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Privacy Shield 3.0: The UK-US Data Bridge has been announced

UK-US Data Bridge has officially been bolted onto the EU-US Data Privacy Framework.

On 21 September 2023, the UK Government officially confirmed that it will extend the transatlantic data transfer deal between the European Union (“EU”) and the United States of America (“US”), creating the UK-US ‘data bridge’. The necessary adequacy regulations will come into effect next month. This means UK businesses and organisations will be able to lawfully transfer personal data to certified organisations in the US under Article 45 of the UK GDPR, without the need for further safeguards set out in Article 46 and 49 of the UK GDPR. However, it remains to be seen whether this framework will be an accessible and lasting solution for data transfers between the UK and US. 

Adequacy regulations

Under Section 17A of the Data Protection Act 2018, The Secretary of State for Science, Innovation, and Technology, the Rt Hon Michelle Donelan, took the decision to establish the UK-US data bridge through the UK extension to the EU-US Data Privacy Framework. 

Donelan determined that the UK Extension to the UK-US Data Privacy Framework does not undermine the level of data protection for UK data subjects when their data is transferred to the US subject to that framework, as the framework maintains the high standards of privacy for UK personal data.  

US Decision

On 18 September 2023, the US Attorney General, Merrick Garland, designated the UK as a “qualifying state” under Executive Order 14086 (“Enhancing Safeguards for United States Intelligence Activities”). This means that individuals whose personal data has been transferred from the UK to the US under any transfer mechanism, such as those outlined in the UK GDPR have access to the newly established redress mechanism in the event they believe that their personal data has been accessed unlawfully by US authorities for national security purposes. This is a new and important safeguard that the US introduced to address the concerns raised in the 2020 Schrems II judgment. 

What does this mean for UK business?

The UK-US Data Bridge aims to ensure a high level of protection for individuals when their data is transferred from the UK to the US. The UK Government took steps to ensure the level of protection that individuals enjoy under the UK GDPR is not undermined (which, as discussed above, the UK Government states included assessing the level of protection of personal data under the framework, as well as the wider legal and regulatory systems). The UK-US Data Bridge is intended to ensure that high standards of protection for personal data are maintained when data is sent to certified US organisations, and any organisation in the US that elects to receive such data under this framework will be required to maintain such standards. That said, the UK-US Data Bridge will not remove the obligations of UK organisations under UK data protection laws to ensure that personal data is properly protected, and the rights of data subjects upheld.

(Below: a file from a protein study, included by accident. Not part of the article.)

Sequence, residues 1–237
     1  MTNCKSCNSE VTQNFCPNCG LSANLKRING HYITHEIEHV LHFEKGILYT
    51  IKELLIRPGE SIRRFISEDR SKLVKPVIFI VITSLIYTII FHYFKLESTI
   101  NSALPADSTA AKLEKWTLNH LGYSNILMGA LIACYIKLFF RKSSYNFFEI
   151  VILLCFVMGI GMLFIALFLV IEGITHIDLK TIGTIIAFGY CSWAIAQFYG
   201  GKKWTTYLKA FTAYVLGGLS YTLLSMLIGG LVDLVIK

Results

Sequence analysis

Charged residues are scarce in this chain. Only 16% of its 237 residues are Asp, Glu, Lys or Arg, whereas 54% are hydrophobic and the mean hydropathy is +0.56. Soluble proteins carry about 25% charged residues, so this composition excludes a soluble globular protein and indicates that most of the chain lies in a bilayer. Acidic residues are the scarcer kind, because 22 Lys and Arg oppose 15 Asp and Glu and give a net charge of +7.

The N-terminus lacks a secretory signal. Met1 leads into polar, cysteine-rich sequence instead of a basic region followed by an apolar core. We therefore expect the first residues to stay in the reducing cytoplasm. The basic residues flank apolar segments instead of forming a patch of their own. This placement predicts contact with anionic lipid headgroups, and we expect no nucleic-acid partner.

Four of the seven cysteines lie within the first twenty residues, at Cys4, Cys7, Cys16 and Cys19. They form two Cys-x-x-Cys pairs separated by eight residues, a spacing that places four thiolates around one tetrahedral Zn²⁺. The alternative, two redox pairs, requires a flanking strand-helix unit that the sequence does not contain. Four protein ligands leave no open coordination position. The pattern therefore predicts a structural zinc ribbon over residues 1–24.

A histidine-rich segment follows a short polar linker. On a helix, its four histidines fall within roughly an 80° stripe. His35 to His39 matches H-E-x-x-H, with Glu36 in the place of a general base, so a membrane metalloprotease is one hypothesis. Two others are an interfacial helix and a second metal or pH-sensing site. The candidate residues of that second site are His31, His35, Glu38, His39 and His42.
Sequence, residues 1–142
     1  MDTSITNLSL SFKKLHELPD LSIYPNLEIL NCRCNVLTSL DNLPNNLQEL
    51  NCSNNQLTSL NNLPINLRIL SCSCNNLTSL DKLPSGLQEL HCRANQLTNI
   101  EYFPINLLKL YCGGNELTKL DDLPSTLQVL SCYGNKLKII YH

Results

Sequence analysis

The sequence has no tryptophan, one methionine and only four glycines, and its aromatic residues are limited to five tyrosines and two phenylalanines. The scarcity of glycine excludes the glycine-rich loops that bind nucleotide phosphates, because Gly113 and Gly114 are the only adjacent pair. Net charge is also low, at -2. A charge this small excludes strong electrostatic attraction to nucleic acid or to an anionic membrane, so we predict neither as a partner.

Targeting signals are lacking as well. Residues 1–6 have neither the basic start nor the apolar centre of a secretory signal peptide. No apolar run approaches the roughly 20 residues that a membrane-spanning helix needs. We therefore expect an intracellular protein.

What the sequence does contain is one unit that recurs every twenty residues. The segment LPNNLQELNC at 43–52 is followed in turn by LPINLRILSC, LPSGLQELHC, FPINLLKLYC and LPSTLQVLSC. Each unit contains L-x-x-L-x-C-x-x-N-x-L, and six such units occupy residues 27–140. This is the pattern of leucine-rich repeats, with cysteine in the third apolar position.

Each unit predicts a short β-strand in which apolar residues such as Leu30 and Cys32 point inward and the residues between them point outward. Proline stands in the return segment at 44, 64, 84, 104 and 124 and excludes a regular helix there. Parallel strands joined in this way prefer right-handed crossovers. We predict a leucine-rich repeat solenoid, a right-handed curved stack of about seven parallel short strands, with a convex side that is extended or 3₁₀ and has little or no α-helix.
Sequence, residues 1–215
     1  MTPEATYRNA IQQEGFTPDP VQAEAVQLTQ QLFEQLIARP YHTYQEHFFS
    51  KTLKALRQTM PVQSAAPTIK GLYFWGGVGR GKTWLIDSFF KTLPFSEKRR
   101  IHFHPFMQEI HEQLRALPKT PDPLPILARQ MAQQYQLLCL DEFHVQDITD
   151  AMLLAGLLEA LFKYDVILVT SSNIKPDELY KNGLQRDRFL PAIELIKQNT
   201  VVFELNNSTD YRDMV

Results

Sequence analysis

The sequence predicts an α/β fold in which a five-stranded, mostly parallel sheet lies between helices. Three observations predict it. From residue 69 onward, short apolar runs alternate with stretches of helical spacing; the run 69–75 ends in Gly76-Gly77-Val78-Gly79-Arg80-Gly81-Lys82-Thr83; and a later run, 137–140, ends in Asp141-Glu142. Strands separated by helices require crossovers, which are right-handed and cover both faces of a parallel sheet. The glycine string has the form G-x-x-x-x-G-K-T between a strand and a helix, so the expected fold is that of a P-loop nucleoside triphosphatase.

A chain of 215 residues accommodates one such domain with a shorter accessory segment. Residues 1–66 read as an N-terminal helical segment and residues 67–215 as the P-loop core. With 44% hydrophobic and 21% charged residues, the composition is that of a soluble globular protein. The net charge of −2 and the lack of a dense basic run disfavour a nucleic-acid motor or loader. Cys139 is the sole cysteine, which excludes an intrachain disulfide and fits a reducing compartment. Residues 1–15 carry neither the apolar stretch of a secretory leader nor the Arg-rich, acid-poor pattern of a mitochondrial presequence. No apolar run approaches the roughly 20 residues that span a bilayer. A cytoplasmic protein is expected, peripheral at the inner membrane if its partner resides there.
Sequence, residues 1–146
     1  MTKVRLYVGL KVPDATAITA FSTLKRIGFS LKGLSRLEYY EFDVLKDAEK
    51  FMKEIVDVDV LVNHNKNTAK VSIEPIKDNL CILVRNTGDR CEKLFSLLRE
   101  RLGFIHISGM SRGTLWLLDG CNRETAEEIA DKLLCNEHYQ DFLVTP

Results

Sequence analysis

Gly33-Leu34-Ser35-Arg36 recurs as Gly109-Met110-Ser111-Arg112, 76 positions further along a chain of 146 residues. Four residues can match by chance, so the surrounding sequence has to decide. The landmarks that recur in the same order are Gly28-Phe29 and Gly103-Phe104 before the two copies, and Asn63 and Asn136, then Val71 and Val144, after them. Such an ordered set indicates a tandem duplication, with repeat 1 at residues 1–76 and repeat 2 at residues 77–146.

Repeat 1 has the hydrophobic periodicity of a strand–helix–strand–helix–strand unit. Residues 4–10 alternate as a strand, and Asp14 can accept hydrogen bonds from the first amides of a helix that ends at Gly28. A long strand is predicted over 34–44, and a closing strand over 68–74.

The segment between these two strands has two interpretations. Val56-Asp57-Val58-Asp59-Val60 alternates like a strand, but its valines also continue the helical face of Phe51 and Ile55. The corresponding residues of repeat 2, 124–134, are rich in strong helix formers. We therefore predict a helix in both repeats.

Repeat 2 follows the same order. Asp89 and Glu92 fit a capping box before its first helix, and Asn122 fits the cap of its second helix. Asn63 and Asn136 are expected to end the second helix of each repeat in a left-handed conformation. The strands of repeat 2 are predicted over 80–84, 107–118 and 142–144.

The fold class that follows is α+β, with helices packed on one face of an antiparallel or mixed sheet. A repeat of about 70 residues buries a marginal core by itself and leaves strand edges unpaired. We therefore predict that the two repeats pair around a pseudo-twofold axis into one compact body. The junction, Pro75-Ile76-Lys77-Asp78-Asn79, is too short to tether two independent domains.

Importantly, there are requirements for both UK and US organisations wishing to use the UK-US Data Bridge including UK organisations confirming that the US recipient is certified with the framework. Also, UK organisations should be mindful of the need to update Privacy Policies and document their own processing activities as necessary to reflect any changes in how they transfer personal data to the US.

Many organisations currently use, and may continue to use, alternative transfer mechanisms to transfer personal data from the UK to the US. However, such organisations are required to comply with various regulatory provisions, for example, the completion of a transfer risk assessment, to consider whether, in the circumstances, the relevant protections for UK data subjects would be undermined by the laws and practices of the US. Such compliance has often been complex and costly — the new regime may save time and money, while reducing risk.  

Will the UK-US Data Bridge survive scrutiny?

Following its implementation, transfers of personal data to the US under the framework will be lawful without additional safeguards which are currently required. However, previous US transfer arrangements have been successfully challenged.

The Information Commissioner’s Office (“ICO”) has highlighted specific areas that could pose risks to data subjects in the UK. For example, the ICO highlights concerns with regard to certain terminology used and also recommends monitoring the implementation of the UK-US Data Bridge generally, to ensure it operates as intended.

It is noteworthy that the EU-US Data Privacy Framework is currently facing legal challenge. If the EU-US Data Privacy Framework collapses, the viability of the UK extension may be questionable, and it may create potential difficulties for the UK maintaining its adequacy status for transfers of personal data from the EU.

If your organisation transfers personal data to the US, begin your preparations now — the clock is ticking towards 12 October.

For further information about the UK-US Privacy Shield, contact Julia, Sean or any member our CyXcel team.

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